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Editorial: Columns
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Art Business as Unusual
Editors' Roundtable
Column by James Yood


Robbie Conal, “Trump Bully Culprit,” 2016, poster

Seen from a distance, the contemporary art world is zipping along pretty much as usual. I’m certainly getting submerged in endless coverage of the recently opened Venice Biennale, following fairly quickly by a similarly intense barrage about this year’s Whitney Biennial. In Chicago we’re gearing up for the large Takashi Murakami retrospective opening in a few weeks at the Museum of Contemporary Art, following the recent closing of the big Helio Oiticica retrospective at the Art Institute. Our local colleges and art schools are graduating a new crop of students, the Spring auctions at Christie’s and Sotheby’s are watched and chronicled, and you have the leisure and interest to scan over the current postings from Visual Art Source. If you don’t look too hard everything seems exactly as it did, say, in 2013: things are happening, some quite interesting, some not so much, but the enormous apparatus that is the art world seems to be chugging along just fine.

But it’s not, quite. Just scratch the surface the tiniest bit and everything seems somehow cranky and indecisive, as if we’re just robotically going through the motions, inhabiting inherited structures and procedures that seem to move on their own impetus. The first half of 2017 feels a bit like the eight months of the Phony War of 1939-40, when very limited military action followed the declarations of war by France and the UK against Germany in 1939. A state of war existed but practically nothing occurred, at least not on the Western Front, as if the nations on both sides couldn’t quite believe what had happened. While certainly marshalling their strength for the horrors to come it was as though the adversaries decided independently not to accept the reality of the situation, as if it could all be undone or wished away. Eventually the Phony War ended and the carnage ensued, but for an extended period an almost collective amnesia seemed the new normal, with most citizens in the combatant nations determined to ignore the apocalypse that awaited them.

Of course, I’m not unaware of the recent protests, marches, and burgeoning organized opposition to Donald Trump, and I would guess — and for the record, it’s just a guess — that some 90-95% of the contemporary art community is viscerally opposed to his presidency (I’m pretty sure, however, people in the White House won’t be shaking in fear in the unlikely event they ever hear of this). And I would also guess that that opposition is going to take a more structured form in the many months ahead of the 2018 off year elections; art and political and social activism, while not a professional obligation for art practitioners, has always been a part — and sometimes a very central part — of modern visual culture.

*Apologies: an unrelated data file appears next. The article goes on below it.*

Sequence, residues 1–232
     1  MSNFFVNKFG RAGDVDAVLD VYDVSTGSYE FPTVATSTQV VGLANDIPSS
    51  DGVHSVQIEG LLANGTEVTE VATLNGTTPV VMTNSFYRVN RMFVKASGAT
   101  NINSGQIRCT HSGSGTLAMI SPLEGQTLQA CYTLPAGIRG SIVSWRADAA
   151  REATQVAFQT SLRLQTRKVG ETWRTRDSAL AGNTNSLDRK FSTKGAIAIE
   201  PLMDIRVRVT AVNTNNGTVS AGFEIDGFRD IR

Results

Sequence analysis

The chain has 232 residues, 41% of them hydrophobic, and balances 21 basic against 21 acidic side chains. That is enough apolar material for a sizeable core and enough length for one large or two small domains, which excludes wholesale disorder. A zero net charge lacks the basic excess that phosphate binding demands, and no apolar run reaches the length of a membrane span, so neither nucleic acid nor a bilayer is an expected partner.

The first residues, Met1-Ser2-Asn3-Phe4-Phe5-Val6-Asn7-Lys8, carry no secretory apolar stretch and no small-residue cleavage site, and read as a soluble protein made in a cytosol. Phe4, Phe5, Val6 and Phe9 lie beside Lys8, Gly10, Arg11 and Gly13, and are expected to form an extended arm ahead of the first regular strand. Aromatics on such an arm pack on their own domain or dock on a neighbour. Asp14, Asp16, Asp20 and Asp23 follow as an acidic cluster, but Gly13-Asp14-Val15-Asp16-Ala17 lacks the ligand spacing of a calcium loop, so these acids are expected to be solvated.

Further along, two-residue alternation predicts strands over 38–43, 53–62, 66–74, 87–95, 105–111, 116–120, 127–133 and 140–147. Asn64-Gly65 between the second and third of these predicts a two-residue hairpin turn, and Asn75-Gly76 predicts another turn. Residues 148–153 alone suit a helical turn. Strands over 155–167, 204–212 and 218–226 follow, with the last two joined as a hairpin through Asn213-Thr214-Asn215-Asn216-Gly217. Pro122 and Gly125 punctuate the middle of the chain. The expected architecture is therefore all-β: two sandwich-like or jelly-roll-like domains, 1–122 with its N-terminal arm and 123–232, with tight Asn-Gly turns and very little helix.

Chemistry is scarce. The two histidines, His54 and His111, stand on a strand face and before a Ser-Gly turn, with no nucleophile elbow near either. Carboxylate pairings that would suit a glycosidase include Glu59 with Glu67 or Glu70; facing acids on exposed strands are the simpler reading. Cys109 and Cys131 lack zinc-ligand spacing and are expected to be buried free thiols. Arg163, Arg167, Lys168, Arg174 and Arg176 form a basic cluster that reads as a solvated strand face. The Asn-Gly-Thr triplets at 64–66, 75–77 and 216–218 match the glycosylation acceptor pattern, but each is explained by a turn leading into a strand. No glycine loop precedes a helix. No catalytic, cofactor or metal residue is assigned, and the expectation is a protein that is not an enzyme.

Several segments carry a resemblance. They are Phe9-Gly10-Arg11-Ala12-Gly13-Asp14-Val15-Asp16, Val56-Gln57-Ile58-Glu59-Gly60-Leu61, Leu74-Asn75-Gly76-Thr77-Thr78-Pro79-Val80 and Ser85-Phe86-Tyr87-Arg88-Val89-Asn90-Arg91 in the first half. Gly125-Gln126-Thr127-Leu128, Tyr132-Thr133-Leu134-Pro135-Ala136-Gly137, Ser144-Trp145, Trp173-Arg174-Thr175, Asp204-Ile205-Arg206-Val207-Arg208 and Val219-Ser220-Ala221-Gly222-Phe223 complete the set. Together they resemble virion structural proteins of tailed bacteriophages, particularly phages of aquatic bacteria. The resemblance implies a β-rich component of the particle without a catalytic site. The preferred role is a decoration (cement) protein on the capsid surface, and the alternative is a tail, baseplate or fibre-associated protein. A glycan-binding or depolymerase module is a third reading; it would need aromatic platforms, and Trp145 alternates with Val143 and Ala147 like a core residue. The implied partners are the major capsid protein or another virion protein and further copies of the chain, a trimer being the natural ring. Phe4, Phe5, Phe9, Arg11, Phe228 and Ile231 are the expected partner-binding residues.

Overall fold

But it’s this awkward moment of interregnum that interests me, that a press release from the MCA in May 2017 can gush about how Murakami “is widely known for both his fine art and commercial output — including collaborations with pop icons such as Kanye West and fashion house Louis Vuitton.” But that’s a bit of a cheap shot; the Murakami exhibition, which is certainly deserved, was planned when people like me were wondering aloud where Hillary Clinton was someday going to have her Presidential Library (would it be in Little Rock, by her spouse’s, or in New York, where she lives and was its Senator. Or perhaps in Illinois, where she was born and raised?).

But I digress; in these early months, it’s the scattered nature of the opposition — not in its aims, but in its methods — that intrigues me, as if the art community has had a collective nervous breakdown and needs therapy before it can become an effective opposition. (I’m part of this too, and as a self-defense mechanism spent a few months after last November concentrating almost exclusively on the Chicago White Sox and a long BBC mini-series of Dickens novels). We’re variously willing to march, sign petitions, grouse to our friends and colleagues, click “Like” on Facebook to anything mocking Trump, and see Sean Spicer as a Roy Cohn for our time (it’s very hard to speak truth to power when power is determined to be deaf).

But it’s the grousing itself that reflects the challenge. Nearly everyone I speak to seems to agree on the problem, but to date seems unable to offer a path or a solution that would accomplish all that much. Massive civil disobedience? A national strike? Work within the political structure? Get smarter talking heads on MSNBC? All of these options sound great, and I sense that a great deal of the frustration many around me feel is rooted in their secret knowledge that none of these will produce a guaranteed outcome. But at least one critical thing is certain: it will serve as an historic record of protest, that whatever ensues in the months and years ahead, it did not pass in silence.


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